appropriately matched pairs, Mendelian theory would have predicted that the embryos would develop normally, since it was only
the presence of two genes for each trait, and not the sex of the gene donors, that was considered relevant. Again, however,
Mendelian expectations were confounded, as the all-female gene pairings resulted in large placentas with little embryonic
material. The all-male gene pairings produced the opposite result: small placentas with large embryos. Surani's team concluded
that some genes do not follow Mendel's laws. Some are "switched on" before fertilization and are always expressed, while others
are "switched off" and never expressed. The sex of the gene donor is the factor that determines which mode a gene will fall
into. A theory called "genome imprinting" was created to account for this previously unformulated phenomenon.
example, say there is a canine gene that is paternally imprinted and, when expressed, produces three-eared dogs. When the
gene is not expressed, the dog has two ears. A three-eared male inherits the gene from his mother, but because a gene that
is paternally imprinted is switched off when passed on by a male to its offspring, he will have all two-eared offspring. His
male two-eared offspring will not produce three-eared dogs, but his daughters will, because a gene that is paternally imprinted
will be switched on in females.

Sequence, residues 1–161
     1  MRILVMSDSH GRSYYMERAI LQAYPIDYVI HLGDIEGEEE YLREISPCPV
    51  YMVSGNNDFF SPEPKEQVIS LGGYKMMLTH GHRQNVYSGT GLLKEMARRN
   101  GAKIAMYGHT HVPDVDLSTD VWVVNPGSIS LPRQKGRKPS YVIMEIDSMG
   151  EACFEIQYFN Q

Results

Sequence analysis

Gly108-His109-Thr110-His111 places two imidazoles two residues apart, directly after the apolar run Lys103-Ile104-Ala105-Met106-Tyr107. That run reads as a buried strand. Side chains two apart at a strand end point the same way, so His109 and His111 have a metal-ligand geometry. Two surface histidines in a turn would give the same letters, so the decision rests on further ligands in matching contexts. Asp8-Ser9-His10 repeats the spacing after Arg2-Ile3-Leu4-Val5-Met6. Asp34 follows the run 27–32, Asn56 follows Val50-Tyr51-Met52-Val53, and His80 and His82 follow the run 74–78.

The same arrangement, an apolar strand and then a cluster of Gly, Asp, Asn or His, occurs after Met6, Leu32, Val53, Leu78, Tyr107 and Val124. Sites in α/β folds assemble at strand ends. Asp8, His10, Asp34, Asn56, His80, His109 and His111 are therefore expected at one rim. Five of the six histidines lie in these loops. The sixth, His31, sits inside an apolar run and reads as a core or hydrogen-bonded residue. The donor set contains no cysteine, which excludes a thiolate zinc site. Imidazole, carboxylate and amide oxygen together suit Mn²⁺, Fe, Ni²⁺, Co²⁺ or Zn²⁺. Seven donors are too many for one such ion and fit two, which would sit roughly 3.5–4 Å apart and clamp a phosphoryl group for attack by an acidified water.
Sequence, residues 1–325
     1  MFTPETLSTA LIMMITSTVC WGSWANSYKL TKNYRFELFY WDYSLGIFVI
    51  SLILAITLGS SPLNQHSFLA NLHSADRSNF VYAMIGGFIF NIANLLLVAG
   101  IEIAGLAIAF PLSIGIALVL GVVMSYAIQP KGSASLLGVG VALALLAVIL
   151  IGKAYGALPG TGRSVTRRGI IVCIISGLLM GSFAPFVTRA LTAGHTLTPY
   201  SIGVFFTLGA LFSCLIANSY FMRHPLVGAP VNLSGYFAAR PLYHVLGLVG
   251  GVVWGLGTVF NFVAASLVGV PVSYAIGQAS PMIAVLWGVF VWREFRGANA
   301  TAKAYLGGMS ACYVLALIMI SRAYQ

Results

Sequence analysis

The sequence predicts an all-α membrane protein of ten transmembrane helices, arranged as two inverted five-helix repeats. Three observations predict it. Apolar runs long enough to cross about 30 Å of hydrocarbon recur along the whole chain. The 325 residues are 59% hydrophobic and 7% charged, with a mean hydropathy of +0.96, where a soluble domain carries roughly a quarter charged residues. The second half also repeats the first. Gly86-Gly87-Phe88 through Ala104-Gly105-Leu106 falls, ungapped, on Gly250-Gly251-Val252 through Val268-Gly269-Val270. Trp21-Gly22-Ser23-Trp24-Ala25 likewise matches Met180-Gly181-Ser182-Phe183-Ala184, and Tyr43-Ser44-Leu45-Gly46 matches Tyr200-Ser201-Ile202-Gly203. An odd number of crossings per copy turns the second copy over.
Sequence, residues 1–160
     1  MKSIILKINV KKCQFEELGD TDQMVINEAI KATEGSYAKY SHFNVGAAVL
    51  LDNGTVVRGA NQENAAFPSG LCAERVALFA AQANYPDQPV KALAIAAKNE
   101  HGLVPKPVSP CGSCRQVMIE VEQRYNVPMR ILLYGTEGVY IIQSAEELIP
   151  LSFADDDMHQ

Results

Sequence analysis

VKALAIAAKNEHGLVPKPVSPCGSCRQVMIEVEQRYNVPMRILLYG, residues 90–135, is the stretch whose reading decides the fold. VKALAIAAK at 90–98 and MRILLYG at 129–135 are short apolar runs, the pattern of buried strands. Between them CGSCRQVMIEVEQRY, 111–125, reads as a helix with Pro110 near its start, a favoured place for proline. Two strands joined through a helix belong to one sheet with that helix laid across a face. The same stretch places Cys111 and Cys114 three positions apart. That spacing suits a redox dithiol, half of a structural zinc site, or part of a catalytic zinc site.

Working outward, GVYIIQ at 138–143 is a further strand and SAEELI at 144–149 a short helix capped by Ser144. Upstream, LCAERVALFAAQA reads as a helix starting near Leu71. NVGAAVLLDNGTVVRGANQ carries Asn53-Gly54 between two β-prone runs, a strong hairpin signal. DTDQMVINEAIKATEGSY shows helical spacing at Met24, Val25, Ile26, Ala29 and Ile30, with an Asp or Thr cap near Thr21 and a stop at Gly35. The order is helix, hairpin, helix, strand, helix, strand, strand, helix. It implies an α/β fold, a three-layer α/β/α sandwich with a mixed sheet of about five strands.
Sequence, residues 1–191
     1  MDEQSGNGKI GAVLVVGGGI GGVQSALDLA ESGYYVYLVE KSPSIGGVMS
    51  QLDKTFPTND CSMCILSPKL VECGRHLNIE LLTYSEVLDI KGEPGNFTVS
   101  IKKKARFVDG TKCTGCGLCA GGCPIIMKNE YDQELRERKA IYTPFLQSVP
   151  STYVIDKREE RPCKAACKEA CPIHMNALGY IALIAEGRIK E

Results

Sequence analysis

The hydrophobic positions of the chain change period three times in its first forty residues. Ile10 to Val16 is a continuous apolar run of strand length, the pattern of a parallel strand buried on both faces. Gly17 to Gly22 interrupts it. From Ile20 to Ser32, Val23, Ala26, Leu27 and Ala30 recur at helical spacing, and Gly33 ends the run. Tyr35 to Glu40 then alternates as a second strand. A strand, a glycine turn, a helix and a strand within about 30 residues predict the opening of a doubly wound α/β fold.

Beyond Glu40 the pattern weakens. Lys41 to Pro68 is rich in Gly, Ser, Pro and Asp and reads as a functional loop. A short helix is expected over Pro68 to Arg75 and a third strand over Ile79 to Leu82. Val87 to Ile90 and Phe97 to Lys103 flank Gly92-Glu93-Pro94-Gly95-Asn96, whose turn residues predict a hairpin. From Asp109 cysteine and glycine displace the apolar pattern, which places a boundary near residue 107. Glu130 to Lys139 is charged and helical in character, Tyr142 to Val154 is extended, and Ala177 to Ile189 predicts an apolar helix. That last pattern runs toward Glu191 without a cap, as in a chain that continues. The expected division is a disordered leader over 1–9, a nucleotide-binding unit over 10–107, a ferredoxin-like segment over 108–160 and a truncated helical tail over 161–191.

Questions and Implications
Many questions still remain, and the literature
is vague on why the phenomenon might occur. Researchers point to the significance of gender-related functions. For example,
it appears that males strive to produce virulent, robust get, while females, for their own well-being, control the size of
their offspring. Imprinted genes are quite possibly involved in traits inherited polygenically. If only some of the genes
are switched on, the work of the geneticist tracking inheritance becomes more complicated.
The implications of this
finding go far beyond the world of Thoroughbred racers. Already, a number of imprinted human genes have been pinpointed. Ongoing
mapping of the canine genome should increase the likelihood of detecting imprinted genes in dogs. The most important contribution
would probably be in the realm of canine health, but eventually we might have the tools to track the inheritance of many canine
characteristics that seem capricious in their skipping of generations.
Dog breeders should be aware of this possible
maternal-grandsire effect. Keep in mind, however, that outstanding males tend to be bred to outstanding females, so even if
some of the male's desirable genes are paternally imprinted, the offspring of such matings will probably inherit some excellent
traits from their exceptional dams. For example, this year's Kentucky Derby and Preakness winner, Charismatic, was sired by
1990 Preakness winner Summer Squall, who is out of a Secretariat daughter. While Summer Squall's prowess on the track could
be traced to the maternal-grandsire effect, he seemed to pass his greatness along directly to Charismatic. However, Secretariat's
mother appears another time in Charismatic's pedigree and Secretariat's sire Bold Ruler appears twice. So, the talented colt's
lineage points back to many outstanding individuals. A pedigree, whether for dogs or horses, always contains many influences
and variables. We dog breeders tend to be impatient and are disappointed when an outstanding male does not immediately reproduce
his excellence. Remember the maternal-grandsire effect, and wait a generation.
Cindy Vogels is breeder-judge from
Littleton, Colo. She has bred Soft Coated Wheaten Terriers, Kerry Blue Terriers, Welsh Terriers and other breeds
for almost 30 years, and judges 18 terrier breeds.